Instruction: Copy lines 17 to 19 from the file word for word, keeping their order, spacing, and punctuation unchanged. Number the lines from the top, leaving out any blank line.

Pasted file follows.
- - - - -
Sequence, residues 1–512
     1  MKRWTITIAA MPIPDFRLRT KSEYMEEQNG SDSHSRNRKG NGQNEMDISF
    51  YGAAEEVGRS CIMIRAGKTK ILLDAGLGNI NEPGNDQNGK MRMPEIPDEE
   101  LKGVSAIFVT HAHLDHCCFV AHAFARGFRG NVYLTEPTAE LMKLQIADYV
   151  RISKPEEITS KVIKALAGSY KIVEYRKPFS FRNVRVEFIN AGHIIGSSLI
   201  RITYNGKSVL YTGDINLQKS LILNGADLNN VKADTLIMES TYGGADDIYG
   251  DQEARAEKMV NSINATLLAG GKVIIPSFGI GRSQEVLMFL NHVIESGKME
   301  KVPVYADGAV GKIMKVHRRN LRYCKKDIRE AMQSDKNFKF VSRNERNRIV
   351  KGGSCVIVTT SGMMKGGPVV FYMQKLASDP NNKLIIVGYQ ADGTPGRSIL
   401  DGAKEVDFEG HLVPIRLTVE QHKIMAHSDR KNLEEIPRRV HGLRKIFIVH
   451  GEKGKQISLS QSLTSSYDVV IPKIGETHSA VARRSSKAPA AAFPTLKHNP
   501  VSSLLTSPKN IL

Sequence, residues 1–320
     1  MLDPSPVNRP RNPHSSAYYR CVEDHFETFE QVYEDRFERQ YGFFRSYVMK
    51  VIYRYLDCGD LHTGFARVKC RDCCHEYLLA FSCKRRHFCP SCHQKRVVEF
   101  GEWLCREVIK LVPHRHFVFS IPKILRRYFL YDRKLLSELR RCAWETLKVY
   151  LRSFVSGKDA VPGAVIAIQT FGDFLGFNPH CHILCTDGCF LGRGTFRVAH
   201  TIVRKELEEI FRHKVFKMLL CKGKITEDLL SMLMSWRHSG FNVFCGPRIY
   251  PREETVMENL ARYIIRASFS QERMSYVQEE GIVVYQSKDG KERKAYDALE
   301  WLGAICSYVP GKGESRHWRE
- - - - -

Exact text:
   151  LRSFVSGKDA VPGAVIAIQT FGDFLGFNPH CHILCTDGCF LGRGTFRVAH
   201  TIVRKELEEI FRHKVFKMLL CKGKITEDLL SMLMSWRHSG FNVFCGPRIY
   251  PREETVMENL ARYIIRASFS QERMSYVQEE GIVVYQSKDG KERKAYDALE